All parts of Heraclitus’ cosmos are simultaneously living and dying. Its constituent stuffs (“biomasses”) cycle endlessly through physical changes in sweeping patterns (“biorhythms”) that are reflected in the dynamic rhythms of Heraclitus’ own thought and language. These natural processes are best examined at a more-than-human level that exceeds individuation, stable identity, rational comprehension, and linguistic capture. B62 (“mortals immortals”), one of Heraclitus’ most perplexing fragments, models these processes in a spectacular fashion: it describes the imbrication not only of humans and gods but of cosmic masses more generally, and its language mimics the natural relations that it names, or rather intimates through its grammatical and syntactical indeterminacy. The remaining fragments amplify the uncertainties and the exhilarations of Heraclitus’ worldview along the same lines. His approach to nature raises urgent questions about how human beings fit into the cosmos, not least by challenging our intuitive conceptions of life and death, our material makeup, and our entanglements with our natural surroundings. In doing so, he provides vital lessons for contemporary ecological awareness, and proves to be an unexpected ally.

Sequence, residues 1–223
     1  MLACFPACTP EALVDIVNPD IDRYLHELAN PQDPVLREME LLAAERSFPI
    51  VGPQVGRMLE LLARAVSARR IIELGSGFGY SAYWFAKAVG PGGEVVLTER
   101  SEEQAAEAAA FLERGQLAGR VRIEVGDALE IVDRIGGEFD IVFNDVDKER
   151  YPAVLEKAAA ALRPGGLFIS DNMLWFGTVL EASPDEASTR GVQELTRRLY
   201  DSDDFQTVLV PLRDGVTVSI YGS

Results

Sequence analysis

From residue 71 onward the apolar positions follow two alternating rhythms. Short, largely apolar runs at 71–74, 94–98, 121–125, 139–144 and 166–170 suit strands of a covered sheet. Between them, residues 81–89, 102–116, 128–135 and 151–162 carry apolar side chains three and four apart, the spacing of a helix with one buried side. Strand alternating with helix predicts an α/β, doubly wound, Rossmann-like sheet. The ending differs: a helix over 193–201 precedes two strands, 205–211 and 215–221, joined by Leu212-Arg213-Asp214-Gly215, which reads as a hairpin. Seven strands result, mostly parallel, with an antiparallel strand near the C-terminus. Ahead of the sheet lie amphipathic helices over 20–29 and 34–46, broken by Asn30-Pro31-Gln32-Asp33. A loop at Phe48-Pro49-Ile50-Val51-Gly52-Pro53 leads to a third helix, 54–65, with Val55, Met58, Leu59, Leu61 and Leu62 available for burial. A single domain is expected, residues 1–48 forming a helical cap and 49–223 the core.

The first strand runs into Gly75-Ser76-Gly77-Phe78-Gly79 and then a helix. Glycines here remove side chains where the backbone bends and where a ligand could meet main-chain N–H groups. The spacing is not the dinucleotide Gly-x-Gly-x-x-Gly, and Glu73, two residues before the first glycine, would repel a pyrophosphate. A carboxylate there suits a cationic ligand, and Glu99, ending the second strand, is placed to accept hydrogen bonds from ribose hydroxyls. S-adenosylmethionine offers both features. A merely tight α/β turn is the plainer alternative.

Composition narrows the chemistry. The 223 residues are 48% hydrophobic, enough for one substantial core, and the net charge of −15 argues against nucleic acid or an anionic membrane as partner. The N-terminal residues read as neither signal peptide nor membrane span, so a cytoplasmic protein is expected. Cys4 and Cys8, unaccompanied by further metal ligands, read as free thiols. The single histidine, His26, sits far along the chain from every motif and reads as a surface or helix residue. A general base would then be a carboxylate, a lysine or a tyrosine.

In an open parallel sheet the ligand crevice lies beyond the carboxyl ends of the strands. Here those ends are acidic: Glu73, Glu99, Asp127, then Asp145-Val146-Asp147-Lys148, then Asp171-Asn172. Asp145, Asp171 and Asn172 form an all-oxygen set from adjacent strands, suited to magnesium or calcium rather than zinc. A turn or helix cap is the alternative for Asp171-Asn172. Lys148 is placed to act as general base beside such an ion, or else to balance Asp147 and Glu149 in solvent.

You do not currently have access to this content.